SQM Research managing director, Louis Christopher, has given another bearish assessment of the Australian property market in an interview with Ross Greenwood (below):
“It’s already playing out. We are already recording property price falls… The epicentre of this downturn appears to be Sydney and Melbourne… Melbourne’s recording the largest falls…
“So far the downturn has been orderly. There hasn’t been a lot of forced activity. We believe that the moratorium provided by the banking sector on borrowers that cannot meet their monthly mortgage repayments has contributed to minimal forced sales activity.
“The question is, of course, going forward will it continue?…
“They [the banks] will have to write-off a lot of loans. They will also have to start calling in some loans where they are fully aware there’s no chance of seeing the borrower repay that mortgage…
“I think what is going on right now is the banks are restricting new lending in some ways. They’ve probably lowered the LVR for new borrowers… We know there’s been a big fall in housing finance approvals… So, sooner or later, the ledger has to be squared off for the banking sector and there are negative ramifications for the housing market when it does…
“It’s very likely that we are going to see many SMEs around Victoria not make it through… they may well respond by selling their home… I am anticipating that we are going to see further increases in listings…
This follows Louis Christopher’s recent prediction that Sydney and Melbourne property could fall 30% in value as government stimulus measures and bank mortgage repayment holidays end.
NAB chief economist, Alan Oster, was also interviewed by Greenwood. Oster believes the Australian property market is in “deep trouble” and predicts 10% to 15% falls for residential property on the back of the sharpest recession in living memory:
“When you look at house prices, our expectation is 10% to 15% down. And the main reason is the two big drivers. Number one population. I don’t think that you are basically going to open up international migration for at least the next 12 months, so that means population [growth] halves… And the second thing is unemployment. Normally when unemployment goes above 8%, you are in deep trouble.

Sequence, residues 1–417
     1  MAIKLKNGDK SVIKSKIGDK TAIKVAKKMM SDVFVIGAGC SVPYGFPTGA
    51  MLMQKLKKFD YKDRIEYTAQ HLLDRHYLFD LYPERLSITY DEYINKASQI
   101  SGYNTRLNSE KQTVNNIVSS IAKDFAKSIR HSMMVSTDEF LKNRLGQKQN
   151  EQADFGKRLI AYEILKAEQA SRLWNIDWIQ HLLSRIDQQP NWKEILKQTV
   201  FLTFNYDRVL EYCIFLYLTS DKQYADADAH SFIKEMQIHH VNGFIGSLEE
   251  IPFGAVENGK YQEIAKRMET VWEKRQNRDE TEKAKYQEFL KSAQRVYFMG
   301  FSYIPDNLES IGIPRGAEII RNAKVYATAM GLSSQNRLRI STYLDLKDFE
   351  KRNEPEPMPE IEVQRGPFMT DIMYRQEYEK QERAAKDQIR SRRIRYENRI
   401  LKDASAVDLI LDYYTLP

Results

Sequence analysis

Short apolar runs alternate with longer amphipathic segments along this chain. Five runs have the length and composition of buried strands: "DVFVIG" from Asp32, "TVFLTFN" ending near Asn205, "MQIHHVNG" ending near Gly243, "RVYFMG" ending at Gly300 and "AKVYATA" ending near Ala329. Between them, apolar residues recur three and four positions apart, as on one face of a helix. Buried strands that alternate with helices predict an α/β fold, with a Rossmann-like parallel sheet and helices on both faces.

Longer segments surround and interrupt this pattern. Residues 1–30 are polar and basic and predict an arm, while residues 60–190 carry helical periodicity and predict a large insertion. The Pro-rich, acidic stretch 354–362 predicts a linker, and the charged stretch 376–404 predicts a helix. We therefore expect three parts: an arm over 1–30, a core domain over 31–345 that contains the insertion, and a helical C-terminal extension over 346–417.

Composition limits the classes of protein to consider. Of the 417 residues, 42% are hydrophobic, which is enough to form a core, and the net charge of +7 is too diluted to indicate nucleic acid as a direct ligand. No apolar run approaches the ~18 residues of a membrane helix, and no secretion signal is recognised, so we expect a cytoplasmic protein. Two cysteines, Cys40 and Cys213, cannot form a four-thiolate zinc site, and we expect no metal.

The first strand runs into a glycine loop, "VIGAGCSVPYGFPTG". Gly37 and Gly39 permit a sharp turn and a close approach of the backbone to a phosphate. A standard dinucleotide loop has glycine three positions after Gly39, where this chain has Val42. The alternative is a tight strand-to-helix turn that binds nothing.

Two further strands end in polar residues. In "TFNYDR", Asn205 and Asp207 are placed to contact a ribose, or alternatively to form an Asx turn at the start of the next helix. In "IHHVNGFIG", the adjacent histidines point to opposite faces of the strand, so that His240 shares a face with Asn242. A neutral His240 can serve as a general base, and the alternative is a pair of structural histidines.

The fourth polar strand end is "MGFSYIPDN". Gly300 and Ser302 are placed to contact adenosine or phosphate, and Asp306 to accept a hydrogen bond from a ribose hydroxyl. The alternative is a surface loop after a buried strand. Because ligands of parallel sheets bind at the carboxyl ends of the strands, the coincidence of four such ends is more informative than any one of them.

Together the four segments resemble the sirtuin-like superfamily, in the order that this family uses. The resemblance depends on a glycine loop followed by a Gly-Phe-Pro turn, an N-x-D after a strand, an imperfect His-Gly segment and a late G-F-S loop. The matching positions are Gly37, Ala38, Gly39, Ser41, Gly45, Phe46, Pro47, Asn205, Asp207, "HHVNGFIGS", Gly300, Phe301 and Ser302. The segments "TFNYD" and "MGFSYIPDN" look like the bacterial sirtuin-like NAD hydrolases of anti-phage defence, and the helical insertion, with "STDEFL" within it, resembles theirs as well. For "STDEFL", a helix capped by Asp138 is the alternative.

“And all those things are going to pull the housing market down… [But] the one area I am particularly worried about is commercial property. For me, I think Zoom is permanent in terms of people working from home… The vacancies in some of the [CBD] areas, I think there is already massive oversupply.
“I think there are some asset prices out there that are going to have serious adjustment downwards”.
MB is obviously bearish on Australian property, especially around Melbourne and Sydney, due to:
- High unemployment and falling incomes once government welfare support is wound back from October and ended altogether in the new year;
- Collapsing immigration;
- Rising housing supply due to new construction continuing to flood the market and the dumping of short-term rentals (e.g. Airbnbs) onto the long-term market;
- Collapsing rents, especially in Sydney and Melbourne, due to falling demand (immigration) and rising supply;
- The end of mortgage repayment holidays and rising forced sales; and
- Banks restricting lending due to concerns around unemployment and borrowers’ ability to repay their mortgages.
Falling property prices look certain given the circumstances. The only question is by how much?
The future is increasingly bleak for those wanting, or needing, to sell their house. @NAB Chief Economist Alan Oster & @SQMResearch Louis Christopher break down housing’s future … plus a bit of a recessionary survival guide.https://t.co/UmDX3HvQ93
— Ross Greenwood (@Ross_Greenwood) August 4, 2020